How Much Of Your Portfolio Should Be In Real Estate? 

First of all, let’s get something out of the way…

Despite what you’ve heard anywhere else, your residence is not an investment. And until you sell it one day and extract any appreciation that may have accumulated over the time you owned it, your house is a money pit – continually requiring maintenance and upkeep expenses. And even when you do go to sell it, any home you acquire to replace it will also have gone up in price.

Just as your home is not an investment, single-family housing does not appeal to the savvy investor. That’s because renting single-family homes does not allow for economies of scale and fixing and flipping denies the investor an essential element of wealth-building – cash flow. That’s why the ultra-wealthy and savvy investors gravitate towards commercial real estate (CRE).

Why CRE?

Passive Opportunities.  There are numerous opportunities in the CRE space in the private markets. Private companies which offer investors the opportunity to partner with them by pairing investor capital with their expertise allow these investors the opportunity to generate passive income streams – the golden fleece of wealth building.

Several articles on the web reveal multiple streams of income as the key commonality among self-made millionaires. Early on, these millionaires realized that making money in their sleep was the only path out of the rat race.

Reliable and Consistent Long-Term Cash Flow and Appreciation.

Investors who allocate to passive CRE are in for the long haul. Long-term, CRE is an ideal asset for delivering reliable income and appreciation – a valuable one-two punch for creating, growing, and maintaining wealth. With typical lockup periods of a minimum of 5-7 years, long-term passive CRE investments iron out temporary market dips.

COVID-19 and 2020 were prime examples where all but a handful of CRE segments (industrial, mobile home parks, affordable multifamily) saw dips and occupancies and rents but are all expected to make a full recovery by the middle of 2022.

Recession & Inflation Hedge.  Specific CRE segments are ideal hedges against both recession and inflation. A CRE segment considered essential such as multifamily and affordable housing, will continue to deliver income – even in a market downturn as the pandemic demonstrated.

These same market segments are insulated against inflation because as overall prices rise, so will the cost of rent and the price of underlying land – without a dropoff in demand because of the essential nature of these assets. People don’t just stop needing shelter, food, fuel, and clothing in challenging economic times.

Tax Breaks.  The tax benefits of passive CRE investments are numerous. From capital gains treatment of income and appreciation to the pass-through of deductions and depreciation, the tax advantages of passive CRE investments allow investors to enjoy the income and appreciation fruits of CRE investments and keep more of what they reap.

Leverage.  Leverage allows investors to acquire more or bigger properties through commercial loans requiring only a fractional capital commitment (20%-25%). Instead of putting $1M into a single investment, hypothetically, an investor could use the $1M to take out loans to acquire four properties valued at $1M each ($250,000 down payment each) or one property valued at $4M.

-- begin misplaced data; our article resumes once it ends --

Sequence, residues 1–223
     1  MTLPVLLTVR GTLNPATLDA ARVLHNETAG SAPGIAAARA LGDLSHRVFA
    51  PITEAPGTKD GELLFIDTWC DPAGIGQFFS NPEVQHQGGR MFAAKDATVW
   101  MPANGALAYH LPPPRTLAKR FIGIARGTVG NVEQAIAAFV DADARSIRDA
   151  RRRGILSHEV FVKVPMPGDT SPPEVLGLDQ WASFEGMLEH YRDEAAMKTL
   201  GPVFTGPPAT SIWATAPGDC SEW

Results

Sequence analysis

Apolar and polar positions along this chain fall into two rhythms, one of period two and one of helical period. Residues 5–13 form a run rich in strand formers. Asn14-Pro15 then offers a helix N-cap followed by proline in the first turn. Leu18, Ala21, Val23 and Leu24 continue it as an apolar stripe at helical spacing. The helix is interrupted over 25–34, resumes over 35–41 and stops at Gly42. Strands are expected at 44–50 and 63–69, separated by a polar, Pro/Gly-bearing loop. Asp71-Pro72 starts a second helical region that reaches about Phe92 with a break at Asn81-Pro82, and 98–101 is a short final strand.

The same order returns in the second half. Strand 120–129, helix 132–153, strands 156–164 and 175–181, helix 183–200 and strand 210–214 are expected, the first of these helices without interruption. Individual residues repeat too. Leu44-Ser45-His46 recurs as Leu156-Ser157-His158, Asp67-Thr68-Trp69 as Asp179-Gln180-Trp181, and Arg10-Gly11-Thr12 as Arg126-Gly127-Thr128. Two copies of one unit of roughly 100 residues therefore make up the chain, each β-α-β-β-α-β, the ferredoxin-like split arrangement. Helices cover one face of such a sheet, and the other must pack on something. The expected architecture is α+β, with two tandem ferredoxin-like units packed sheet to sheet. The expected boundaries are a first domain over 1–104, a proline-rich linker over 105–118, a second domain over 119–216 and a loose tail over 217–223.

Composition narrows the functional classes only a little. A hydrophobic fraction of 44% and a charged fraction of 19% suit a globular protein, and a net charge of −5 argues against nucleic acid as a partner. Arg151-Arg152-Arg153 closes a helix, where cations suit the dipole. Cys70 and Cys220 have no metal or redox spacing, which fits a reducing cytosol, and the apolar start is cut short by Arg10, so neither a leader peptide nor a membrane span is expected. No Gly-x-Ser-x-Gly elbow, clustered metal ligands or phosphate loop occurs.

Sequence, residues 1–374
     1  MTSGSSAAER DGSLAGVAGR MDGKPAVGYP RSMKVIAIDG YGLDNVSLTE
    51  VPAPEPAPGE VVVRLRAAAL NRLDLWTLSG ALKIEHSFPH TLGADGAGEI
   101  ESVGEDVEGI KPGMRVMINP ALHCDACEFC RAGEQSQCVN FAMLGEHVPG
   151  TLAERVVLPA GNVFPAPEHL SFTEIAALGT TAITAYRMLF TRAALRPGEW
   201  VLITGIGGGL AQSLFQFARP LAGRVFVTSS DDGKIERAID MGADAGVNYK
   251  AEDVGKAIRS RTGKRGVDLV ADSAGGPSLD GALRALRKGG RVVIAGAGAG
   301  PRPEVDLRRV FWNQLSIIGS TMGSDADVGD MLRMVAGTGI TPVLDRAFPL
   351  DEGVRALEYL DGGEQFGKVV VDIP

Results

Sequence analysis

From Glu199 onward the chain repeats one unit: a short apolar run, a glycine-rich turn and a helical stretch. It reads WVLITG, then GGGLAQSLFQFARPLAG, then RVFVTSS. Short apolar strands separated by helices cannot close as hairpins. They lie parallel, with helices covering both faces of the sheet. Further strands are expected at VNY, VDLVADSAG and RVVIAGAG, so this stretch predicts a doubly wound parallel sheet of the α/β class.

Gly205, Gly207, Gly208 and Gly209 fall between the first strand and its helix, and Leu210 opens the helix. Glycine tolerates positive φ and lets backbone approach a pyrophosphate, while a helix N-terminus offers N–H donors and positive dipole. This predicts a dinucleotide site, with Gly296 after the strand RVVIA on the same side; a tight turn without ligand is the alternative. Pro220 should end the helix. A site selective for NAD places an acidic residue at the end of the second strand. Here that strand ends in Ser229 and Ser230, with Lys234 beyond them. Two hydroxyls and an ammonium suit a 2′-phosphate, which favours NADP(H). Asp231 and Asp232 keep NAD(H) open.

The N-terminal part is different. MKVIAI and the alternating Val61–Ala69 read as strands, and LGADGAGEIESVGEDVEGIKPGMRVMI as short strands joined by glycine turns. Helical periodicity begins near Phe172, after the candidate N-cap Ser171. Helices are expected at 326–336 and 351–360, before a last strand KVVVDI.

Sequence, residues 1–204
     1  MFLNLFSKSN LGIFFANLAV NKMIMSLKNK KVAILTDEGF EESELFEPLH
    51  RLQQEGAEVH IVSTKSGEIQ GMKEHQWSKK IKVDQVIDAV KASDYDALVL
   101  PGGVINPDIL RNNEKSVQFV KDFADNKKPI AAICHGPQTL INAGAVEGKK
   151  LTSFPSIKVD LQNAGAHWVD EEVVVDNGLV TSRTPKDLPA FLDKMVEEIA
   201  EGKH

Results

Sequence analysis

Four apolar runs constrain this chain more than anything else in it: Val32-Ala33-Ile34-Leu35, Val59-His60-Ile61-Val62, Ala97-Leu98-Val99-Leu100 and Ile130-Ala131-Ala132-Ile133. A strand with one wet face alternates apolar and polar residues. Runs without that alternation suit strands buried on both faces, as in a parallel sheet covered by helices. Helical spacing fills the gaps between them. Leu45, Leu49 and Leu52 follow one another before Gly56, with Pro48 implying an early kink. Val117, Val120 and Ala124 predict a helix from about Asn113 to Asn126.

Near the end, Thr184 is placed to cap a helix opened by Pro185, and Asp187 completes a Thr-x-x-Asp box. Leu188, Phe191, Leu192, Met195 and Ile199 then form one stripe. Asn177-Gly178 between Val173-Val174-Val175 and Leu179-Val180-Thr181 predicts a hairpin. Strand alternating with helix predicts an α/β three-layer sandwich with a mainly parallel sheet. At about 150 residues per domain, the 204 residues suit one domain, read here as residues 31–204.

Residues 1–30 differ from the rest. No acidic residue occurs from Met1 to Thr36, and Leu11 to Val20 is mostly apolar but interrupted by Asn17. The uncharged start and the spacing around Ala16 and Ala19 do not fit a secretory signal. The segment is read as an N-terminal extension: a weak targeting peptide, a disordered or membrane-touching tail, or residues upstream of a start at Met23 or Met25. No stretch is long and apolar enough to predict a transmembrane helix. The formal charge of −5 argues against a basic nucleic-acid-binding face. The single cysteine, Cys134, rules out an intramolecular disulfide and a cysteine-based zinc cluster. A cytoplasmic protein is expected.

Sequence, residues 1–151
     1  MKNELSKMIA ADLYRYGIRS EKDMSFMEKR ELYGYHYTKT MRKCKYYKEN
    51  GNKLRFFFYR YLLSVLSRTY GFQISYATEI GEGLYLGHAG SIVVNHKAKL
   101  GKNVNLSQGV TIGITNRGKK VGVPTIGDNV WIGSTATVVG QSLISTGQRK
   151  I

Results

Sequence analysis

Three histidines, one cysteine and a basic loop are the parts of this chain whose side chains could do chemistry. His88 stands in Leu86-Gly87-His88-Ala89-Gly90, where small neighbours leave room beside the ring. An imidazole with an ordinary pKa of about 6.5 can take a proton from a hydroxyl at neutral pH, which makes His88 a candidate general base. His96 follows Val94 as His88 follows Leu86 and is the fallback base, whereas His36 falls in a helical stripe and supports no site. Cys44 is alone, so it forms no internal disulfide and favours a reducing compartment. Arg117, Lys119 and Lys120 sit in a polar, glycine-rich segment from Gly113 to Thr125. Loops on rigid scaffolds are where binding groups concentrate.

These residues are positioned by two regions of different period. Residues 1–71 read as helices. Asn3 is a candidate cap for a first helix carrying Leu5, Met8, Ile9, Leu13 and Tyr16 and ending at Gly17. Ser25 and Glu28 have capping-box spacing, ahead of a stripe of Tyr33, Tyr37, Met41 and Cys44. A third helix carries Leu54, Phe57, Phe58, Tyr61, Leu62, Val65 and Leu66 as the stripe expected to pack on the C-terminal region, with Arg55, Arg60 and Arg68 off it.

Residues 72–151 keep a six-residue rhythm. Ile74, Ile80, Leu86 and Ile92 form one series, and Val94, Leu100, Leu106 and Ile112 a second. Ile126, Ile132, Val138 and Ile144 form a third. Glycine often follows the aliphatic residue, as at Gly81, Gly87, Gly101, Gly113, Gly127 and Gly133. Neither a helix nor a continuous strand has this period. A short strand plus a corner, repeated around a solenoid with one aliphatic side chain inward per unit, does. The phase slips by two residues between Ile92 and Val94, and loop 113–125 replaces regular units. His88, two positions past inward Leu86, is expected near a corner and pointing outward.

A passive CRE investment allows the individual investor to invest in high-quality properties at a fraction of the price.

Should You Go All-In On Real Estate?

I don’t think there are many proponents of going all-in on CRE. In other words, not many sophisticated investors allocate 100% of their portfolios to CRE. Other assets such as income-producing businesses and agriculture offer many of the cash-flowing, appreciation, and tax benefits that CRE offers. It’s a good idea to consider these other assets for diversification purposes.

How Much Of Your Portfolio Should Be In Real Estate?

Now to answer the golden question…  How much of your portfolio should be allocated to real estate?  Well, if you want to mirror successful investors like the ultra-wealthy, the answer seems to be a minimum of about 25%.

Consider the asset allocation of the ultra-wealthy members of the social investing club Tiger 21:

In the first quarter of 2021, the members of Tiger 21 allocated 27% of their assets to real estate – commercial real estate.

2021 is not an anomaly as the members of Tiger 21 consistently allocate 25% or more to commercial real estate every year.

Is it effective?

Since the members of Tiger 21 are all required to SHOW a minimum of $50 million in investable assets to join and remain in the club, their asset allocation strategy – with a heavy emphasis on real estate – must be working.

Late billionaire and former owner of the Tampa Bay Buccaneers (forgive me) and English football club Manchester United once said:

“If you want to know the road ahead, ask the person who’s been there.”

If you want to be like the ultra-wealthy, invest like the ultra-wealthy. Look at their allocations if you want to know how much of your portfolio should be in real estate.

What you’ll find is that they consistently make real estate their top priority – always allocating 25% or more of their portfolios to this valuable asset class.


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Logan Freeman

Building generational wealth with alternative investments